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Investigating Trends in the Pharmaceutical Research & Development Space

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The healthcare industry often relies on the success of biomedical advances, which peaked exponentially during the COVID-19 pandemic. Now that the public health emergency has been declared as officially over (as of April 2023 in the United States), developments are leveling off and there is plenty of opportunity for innovations in the realm of drug discovery and development.

A report authored by the IQVIA Institute for Human Data Science titled “Global Trends in R&D 2024: Activity, Productivity, and Enablers”1 sought to evaluate the trends surrounding new drug launches, along with the amount clinical trials that were initiated. It also profiles the state of R&D funding and the companies’ activities across different indications.

For one, R&D funding has recovered in 2023 after a slump following the 2020-2021 pandemic timeframe. In fact, funding in the biopharma space hit $72 billion in 2023, which, although well below pandemic levels, is an $11 billion boost from 2022. Mergers and acquisitions (M&A) jumped from $78 billion in 2022 to the $140 billion mark in 2023. Antibody drug conjugates were a popular area, making up 47% of the M&A deals that were over $2 billion, and 85% of large oncology deals.

It may come as no surprise to hear that trial starts have settled back to below pre-pandemic levels, as a result of the decrease in COVID activity, and evolving research concerns. Compared to 2022, clinical trial starts declined 15% in 2023, and dropped 22% from 2021, which is notably the peak of all the pandemic action. The slowdown could mainly be attributed to three main factors, including:

  • Fewer COVID trial starts
  • Less non-COVID starts by larger companies
  • Fewer starts by emerging biopharma companies

However, trial starts were dominated by predictable subjects, the authors note, as “the top four diseases in terms of trial starts—oncology, immunology, metabolic/endocrinology, and neurology—account for 79% of trial starts and declined less than other diseases. Rare disease trial activity remains high and slowed less than trials focused on larger populations. The disease focus of rare disease research is predominately in oncology, while diseases with larger populations study a wider variety of diseases.”

As a result of the rise in the composite success rate to 10.8%, productivity regarding clinical development was on the rise for 2023, a significant boost from the 5.9% rate in 2022. Increased rates in Phase I, Phase III and regulatory review were contributing factors to this success, according to the report.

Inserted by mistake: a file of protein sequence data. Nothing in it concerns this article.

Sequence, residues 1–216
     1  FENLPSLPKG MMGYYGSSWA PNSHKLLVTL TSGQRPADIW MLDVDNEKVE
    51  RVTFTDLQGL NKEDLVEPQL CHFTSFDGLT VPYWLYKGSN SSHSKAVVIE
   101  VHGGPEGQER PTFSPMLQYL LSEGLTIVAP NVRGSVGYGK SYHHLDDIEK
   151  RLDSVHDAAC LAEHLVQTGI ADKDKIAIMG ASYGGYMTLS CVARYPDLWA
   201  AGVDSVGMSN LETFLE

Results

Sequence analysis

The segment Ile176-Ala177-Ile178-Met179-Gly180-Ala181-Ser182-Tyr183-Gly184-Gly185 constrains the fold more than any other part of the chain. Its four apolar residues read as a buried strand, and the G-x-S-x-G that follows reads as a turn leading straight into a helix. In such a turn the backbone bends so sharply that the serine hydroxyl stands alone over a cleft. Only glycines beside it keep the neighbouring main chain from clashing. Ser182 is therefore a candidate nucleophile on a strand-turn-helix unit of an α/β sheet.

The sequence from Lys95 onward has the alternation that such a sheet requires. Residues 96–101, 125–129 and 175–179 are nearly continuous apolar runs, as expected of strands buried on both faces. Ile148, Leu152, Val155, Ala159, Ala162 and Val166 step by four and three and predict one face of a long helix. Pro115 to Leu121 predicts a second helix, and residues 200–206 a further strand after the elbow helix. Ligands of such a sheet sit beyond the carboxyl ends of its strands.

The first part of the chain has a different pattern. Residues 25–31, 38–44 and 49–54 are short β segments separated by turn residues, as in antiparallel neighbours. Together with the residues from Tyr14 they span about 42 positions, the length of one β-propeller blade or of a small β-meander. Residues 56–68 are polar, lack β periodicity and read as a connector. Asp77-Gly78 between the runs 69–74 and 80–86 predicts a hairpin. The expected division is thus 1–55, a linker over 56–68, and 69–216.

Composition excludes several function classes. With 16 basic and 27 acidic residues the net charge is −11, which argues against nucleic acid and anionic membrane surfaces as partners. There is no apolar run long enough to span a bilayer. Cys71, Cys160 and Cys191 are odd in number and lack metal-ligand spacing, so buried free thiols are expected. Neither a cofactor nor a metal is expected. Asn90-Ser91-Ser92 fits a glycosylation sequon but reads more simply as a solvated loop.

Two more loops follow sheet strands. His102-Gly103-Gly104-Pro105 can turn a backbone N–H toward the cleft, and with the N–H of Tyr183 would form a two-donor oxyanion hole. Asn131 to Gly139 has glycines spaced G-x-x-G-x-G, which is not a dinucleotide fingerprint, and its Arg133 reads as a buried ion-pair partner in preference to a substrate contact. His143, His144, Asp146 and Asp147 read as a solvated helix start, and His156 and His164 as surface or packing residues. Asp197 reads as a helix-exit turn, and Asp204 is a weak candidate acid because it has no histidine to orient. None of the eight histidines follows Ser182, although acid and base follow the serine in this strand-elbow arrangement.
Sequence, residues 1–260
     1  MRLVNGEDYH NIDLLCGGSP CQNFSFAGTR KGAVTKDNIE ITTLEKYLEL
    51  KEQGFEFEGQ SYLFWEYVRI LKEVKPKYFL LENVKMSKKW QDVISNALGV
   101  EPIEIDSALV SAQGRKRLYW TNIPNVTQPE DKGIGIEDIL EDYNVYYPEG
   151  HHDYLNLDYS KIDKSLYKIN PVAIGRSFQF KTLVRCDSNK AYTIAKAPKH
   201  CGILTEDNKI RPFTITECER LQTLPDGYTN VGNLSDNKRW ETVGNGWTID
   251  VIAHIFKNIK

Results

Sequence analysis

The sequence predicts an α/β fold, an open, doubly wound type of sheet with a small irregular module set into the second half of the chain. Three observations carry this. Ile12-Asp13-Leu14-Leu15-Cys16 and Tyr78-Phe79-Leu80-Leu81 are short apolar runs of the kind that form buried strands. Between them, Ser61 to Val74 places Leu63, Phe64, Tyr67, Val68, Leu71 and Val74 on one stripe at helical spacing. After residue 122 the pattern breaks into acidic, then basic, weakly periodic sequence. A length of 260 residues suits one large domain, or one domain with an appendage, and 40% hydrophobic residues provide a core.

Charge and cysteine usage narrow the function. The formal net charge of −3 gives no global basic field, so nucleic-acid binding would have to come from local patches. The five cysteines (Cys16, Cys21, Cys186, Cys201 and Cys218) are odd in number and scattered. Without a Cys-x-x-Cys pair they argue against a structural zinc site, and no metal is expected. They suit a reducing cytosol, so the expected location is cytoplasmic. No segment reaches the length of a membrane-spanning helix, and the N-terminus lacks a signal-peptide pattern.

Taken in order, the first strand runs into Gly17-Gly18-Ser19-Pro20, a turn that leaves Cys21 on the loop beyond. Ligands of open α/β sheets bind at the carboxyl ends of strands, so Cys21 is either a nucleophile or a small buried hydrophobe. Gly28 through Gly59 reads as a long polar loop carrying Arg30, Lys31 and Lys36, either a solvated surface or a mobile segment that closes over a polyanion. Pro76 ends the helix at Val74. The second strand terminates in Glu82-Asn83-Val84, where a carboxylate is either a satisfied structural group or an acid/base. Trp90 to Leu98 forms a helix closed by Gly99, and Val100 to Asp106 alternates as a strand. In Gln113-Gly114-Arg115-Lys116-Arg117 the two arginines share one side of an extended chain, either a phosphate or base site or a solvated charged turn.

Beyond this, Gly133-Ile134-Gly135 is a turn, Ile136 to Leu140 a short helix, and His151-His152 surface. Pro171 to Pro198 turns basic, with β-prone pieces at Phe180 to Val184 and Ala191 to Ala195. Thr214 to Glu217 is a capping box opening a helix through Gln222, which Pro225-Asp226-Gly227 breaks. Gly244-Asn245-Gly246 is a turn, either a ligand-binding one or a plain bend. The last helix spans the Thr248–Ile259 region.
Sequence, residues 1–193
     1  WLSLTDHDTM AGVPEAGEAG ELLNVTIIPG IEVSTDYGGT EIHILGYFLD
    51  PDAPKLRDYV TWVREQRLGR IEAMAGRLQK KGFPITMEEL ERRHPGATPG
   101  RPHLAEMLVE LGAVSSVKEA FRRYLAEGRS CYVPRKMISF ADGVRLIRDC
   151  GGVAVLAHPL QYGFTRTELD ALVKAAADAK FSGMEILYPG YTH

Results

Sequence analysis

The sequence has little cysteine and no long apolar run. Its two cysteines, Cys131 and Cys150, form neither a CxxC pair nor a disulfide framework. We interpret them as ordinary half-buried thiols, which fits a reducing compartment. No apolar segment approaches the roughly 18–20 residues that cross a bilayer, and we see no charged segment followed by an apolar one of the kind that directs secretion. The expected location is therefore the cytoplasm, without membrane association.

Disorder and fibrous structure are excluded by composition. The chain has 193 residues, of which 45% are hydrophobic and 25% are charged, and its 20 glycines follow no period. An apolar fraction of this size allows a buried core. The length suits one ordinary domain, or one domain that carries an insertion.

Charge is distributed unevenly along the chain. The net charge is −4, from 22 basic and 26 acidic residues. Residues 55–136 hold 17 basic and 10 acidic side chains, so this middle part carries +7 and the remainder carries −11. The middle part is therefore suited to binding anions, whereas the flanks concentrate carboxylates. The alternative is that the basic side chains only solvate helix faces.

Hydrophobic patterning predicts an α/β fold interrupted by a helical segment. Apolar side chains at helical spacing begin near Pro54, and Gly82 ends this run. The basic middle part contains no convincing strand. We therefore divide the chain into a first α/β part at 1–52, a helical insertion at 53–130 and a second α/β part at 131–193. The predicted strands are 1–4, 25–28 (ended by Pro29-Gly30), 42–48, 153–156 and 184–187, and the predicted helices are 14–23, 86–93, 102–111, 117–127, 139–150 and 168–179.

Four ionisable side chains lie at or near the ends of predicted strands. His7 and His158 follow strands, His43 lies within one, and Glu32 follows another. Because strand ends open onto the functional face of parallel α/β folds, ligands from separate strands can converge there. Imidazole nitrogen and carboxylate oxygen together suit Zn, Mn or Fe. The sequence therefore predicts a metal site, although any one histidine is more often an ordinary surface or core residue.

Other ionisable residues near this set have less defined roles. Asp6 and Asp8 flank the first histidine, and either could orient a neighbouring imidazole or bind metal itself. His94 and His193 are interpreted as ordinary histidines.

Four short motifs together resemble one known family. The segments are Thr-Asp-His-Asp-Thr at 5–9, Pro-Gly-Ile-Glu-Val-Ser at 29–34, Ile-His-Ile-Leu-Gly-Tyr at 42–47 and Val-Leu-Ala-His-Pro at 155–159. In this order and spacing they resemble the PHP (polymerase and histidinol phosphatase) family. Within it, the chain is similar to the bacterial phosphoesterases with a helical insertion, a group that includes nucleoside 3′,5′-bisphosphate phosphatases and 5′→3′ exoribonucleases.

Speaking of regulation, the implementation of technology-driven enablers helped with gains in productivity, driven by novel trial designs, the use of predictive biomarkers, and decentralized and digital trial methods.

Worldwide, a total of 69 novel active substances (NASs)—including 24 first-in-class US launches—were launched, which is six more than 2022. This brings the 20-year NAS total to 942; interestingly enough, the United States is currently leading the way with 267 NAS launches over the past five years, with China and the European Union/United Kingdom rounding out the top three with 192 and 182, respectively.

The weight loss sector—often tied to obesity—has also been growing in popularity not only lately with the Wegovy craze,2 but over the past 30-plus years, says IQVIA, noting that “obesity is a major public health threat globally; the rates for the disease have been increasing steadily over the last three decades and is likely to affect 1 billion adults by 2025.”

References

1. Global Trends in R&D 2024: Activity, Productivity, and Enablers. IQVIA Institute for Human Data Science. February 2024. https://www.iqvia.com/insights/the-iqvia-institute/reports-and-publications/reports/global-trends-in-r-and-d-2024-activity-productivity-and-enablers?utm_campaign=2024_GlobalTrendsinR%26D2024_INSTITUTE_IS&utm_medium=email&utm_source=Eloqua&elqTrackId=CD8102741FFF8CBDFB75E9B0977A664B&elq=1c2c3fdb25fe411e8d8e8050e47fab9b&elqaid=21700&elqat=1&elqCampaignId=12669

2. Hollan, Mike. Implications of Novo Nordisk Acquisition of Catalent Reverberate Through Industry. Pharmaceutical Commerce.February 14, 2024. Accessed February 22, 2024. https://www.pharmaceuticalcommerce.com/view/implications-of-novo-nordisk-acquisition-of-catalent-reverberate-through-industry

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